Sun Language Theory

The Sun Language Theory (Turkish: Güneş Dil Teorisi) was a Turkish nationalist linguistic pseudoscientific hypothesis developed in Turkey in the 1930s that proposed that all human languages are descendants of one proto-Turkic primal language. The theory proposed that because this primal language had close phonemic resemblances to Turkish, all other languages can essentially be traced back to Turkic roots. According to the theory, the Central Asian worshippers, who wanted to salute the omnipotence of the sun and its life-giving qualities, had done so by transforming their meaningless blabbering into a coherent set of ritual utterings, and language was born, hence the name.[1]


Influences on the theory included:

  • a paper of the Austrian linguist Hermann F. Kvergić of Vienna entitled "La psychologie de quelques éléments des langues Turques" ("The Psychology of Some Elements of the Turkic Languages")[3]

The founder and first president of the Republic of Turkey, Mustafa Kemal Atatürk, not only gave the theory official backing and material support[4] but also was himself a very important contributor to its development.[5]


As described in a 1936 New York Times article on the curriculum of the newly opened School of Language, History and Geography of Ankara University, the theory[2]

claims that the Sumerians, being Turks, originating in Central Asia, all languages also consequently originated there and first used by the Turks. The first language, in fact, came into being in this way: Prehistoric man, i.e., Turks in the most primitive stage, was so struck by the effects of the sun on life that he made of it a deity whence sprang all good and evil. Thence came to him light, darkness, warmth and fire, with it were associated all ideas of time: height, distance, movement, size, and give expression to his feelings. The sun was thus the first thing to which a name was given. It was "ag" (pronounced agh), and from this syllable all words in use today are derived. This, briefly, is the theory about the "sun language," and with the new conception of Turkish history it will be taught in the new Angora school.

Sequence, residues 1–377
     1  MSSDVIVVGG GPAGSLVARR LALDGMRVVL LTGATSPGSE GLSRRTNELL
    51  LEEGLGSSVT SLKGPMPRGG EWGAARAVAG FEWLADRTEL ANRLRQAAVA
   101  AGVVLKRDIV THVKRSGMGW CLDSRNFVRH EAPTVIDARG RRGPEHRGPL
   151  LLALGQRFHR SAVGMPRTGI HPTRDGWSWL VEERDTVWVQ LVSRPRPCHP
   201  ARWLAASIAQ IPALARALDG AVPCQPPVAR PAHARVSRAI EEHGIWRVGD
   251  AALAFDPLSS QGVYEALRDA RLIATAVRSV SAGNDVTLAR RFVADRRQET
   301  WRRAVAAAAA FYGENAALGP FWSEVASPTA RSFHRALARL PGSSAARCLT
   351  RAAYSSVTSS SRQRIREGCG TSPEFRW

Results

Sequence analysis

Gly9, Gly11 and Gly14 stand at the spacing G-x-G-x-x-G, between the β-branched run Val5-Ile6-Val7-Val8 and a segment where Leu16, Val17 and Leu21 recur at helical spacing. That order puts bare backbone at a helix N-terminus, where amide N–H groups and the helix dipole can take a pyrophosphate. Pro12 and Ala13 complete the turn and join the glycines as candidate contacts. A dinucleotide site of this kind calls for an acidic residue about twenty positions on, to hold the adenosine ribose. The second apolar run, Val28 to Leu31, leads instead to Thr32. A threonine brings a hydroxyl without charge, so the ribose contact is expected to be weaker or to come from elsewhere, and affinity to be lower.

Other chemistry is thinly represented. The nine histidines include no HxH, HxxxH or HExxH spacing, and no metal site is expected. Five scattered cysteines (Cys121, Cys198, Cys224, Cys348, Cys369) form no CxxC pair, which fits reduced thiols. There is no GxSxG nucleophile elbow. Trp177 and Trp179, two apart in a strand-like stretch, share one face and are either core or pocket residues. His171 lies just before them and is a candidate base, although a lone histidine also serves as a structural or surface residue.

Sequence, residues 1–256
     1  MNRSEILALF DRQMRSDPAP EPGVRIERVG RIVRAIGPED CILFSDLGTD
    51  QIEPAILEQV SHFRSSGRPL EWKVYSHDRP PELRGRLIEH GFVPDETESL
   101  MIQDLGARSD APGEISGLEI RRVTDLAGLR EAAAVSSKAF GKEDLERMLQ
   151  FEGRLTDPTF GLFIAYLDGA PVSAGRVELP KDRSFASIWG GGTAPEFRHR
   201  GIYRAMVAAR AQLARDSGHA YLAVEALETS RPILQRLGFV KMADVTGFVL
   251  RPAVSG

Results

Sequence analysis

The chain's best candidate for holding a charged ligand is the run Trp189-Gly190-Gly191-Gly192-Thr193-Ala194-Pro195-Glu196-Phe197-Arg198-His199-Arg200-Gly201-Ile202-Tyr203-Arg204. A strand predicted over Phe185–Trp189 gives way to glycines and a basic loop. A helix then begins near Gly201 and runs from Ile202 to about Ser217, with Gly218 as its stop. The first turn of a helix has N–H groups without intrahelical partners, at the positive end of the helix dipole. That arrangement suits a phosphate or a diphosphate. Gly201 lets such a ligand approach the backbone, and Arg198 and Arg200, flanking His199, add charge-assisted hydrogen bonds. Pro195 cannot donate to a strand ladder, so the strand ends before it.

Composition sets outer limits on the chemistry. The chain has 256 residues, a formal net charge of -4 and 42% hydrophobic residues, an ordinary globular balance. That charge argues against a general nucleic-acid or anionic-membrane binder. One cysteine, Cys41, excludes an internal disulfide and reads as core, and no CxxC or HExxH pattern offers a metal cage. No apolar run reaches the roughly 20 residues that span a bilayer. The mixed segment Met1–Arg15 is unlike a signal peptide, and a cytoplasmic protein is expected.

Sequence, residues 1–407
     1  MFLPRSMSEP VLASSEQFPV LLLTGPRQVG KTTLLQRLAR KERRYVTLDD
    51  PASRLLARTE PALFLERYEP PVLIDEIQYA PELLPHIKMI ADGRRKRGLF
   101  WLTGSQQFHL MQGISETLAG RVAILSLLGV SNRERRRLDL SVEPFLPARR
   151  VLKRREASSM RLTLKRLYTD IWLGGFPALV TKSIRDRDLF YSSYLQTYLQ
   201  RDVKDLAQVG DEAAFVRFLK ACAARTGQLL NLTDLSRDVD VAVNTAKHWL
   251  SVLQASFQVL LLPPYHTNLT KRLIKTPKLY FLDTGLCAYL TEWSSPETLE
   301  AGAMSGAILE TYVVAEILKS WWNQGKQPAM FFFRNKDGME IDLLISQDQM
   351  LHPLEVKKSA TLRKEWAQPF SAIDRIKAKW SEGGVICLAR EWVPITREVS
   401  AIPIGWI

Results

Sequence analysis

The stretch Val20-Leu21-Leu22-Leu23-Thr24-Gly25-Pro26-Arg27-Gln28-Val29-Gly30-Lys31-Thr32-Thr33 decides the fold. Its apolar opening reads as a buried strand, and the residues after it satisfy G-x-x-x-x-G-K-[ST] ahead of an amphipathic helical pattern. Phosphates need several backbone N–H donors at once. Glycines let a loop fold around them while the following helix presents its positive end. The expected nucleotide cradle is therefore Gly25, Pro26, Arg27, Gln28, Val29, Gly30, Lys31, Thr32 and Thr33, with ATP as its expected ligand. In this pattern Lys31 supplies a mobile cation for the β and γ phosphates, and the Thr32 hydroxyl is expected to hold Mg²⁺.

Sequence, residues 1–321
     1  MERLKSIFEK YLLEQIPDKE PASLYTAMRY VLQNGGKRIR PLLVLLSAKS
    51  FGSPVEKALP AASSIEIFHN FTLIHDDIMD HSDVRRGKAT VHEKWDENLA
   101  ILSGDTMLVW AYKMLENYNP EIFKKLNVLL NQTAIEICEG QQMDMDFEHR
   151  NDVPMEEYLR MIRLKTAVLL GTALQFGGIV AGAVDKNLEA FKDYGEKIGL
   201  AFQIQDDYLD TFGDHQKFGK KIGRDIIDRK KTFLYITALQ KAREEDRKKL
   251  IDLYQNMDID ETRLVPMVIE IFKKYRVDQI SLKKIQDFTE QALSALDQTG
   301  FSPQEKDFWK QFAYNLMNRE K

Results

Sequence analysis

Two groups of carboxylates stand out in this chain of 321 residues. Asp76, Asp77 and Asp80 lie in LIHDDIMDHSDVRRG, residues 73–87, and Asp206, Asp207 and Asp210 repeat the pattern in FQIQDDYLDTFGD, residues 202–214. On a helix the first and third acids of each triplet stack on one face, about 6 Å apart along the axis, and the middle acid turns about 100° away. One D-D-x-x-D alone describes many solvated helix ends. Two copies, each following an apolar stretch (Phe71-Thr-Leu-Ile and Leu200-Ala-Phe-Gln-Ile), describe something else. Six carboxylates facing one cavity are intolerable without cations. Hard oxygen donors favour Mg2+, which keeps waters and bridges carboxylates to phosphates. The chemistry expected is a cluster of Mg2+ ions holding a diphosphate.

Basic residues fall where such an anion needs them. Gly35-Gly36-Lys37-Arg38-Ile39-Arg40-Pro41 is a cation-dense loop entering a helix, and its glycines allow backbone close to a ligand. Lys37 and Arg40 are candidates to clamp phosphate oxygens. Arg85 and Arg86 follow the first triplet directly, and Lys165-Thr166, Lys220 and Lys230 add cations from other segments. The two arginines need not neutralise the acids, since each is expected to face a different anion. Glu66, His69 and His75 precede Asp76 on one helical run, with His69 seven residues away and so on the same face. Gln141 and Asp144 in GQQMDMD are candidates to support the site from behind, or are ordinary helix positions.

In short, based upon a heliocentric view of the origin of civilization and human languages, the theory claimed that the Turkish language was the language which all civilized languages derived from.[6]

Some of the words provided with false Turkish etymologies through the practice of goropism were God, attributed to the Turkish kut (blessing);[5] Bulletin from belleten;[7] Electric from Uyghur yaltrık (shine).[5] But also foreign words like the French wattman, in French stemming from watt and man, was claimed to be of Turkish origin by a Turkish scholar.[8] Other prominent examples are greek mythological figures like Aphrodite from avrat, or Artemis from tertemiz.[8] According to linguist Ghil'ad Zuckermann, "it is possible that the Sun Language Theory was adopted by Atatürk in order to legitimize the Arabic and Persian words which the Turkish language authorities did not manage to uproot. This move compensated for the failure to provide a neologism for every foreignism/loanword."[9]

See alsoEdit


  1. ^ Aytürk, İlker (November 2004). "Turkish Linguists against the West: The Origins of Linguistic Nationalism in Atatürk's Turkey". Middle Eastern Studies. 40 (6): 1–25. doi:10.1080/0026320042000282856. hdl:11693/49528. ISSN 0026-3206. OCLC 86539631. S2CID 144968896.
  2. ^ a b "Turks Teach New Theories". New York Times. Istanbul. 1936-02-09.
  3. ^ Laut, Jens Peter (2002). "Noch einmal zu Dr. Kvergić" (PDF reprinted online). Turkic Languages (in German). 6: 120–133. ISSN 1431-4983. OCLC 37421320. Retrieved 2007-12-05.
  4. ^ See Speros Vryonis. The Turkish State and History: Clio meets the Grey Wolf, 2nd Ed. Thessaloniki: Institute for Balkan Studies, 1993.
  5. ^ a b c Lewis, Geoffrey (2002). The Turkish Language Reform: A Catastrophic Success. Oxford University Press.
  6. ^ Cemal Kafadar (1996.). Between Two Worlds: The Construction of the Ottoman State. University of California Press. P. 163.
  7. ^ Landau, Jacob M. (1984). Atatürk and the Modernization of Turkey. BRILL. p. 207. ISBN 978-90-04-07070-7.
  8. ^ a b Landau, Jacob M. (1984). p.211
  9. ^ Zuckermann, Ghil’ad (2003), ‘‘Language Contact and Lexical Enrichment in Israeli Hebrew’’, Houndmills: Palgrave Macmillan, ISBN 1-4039-1723-X, p. 165.

Further readingEdit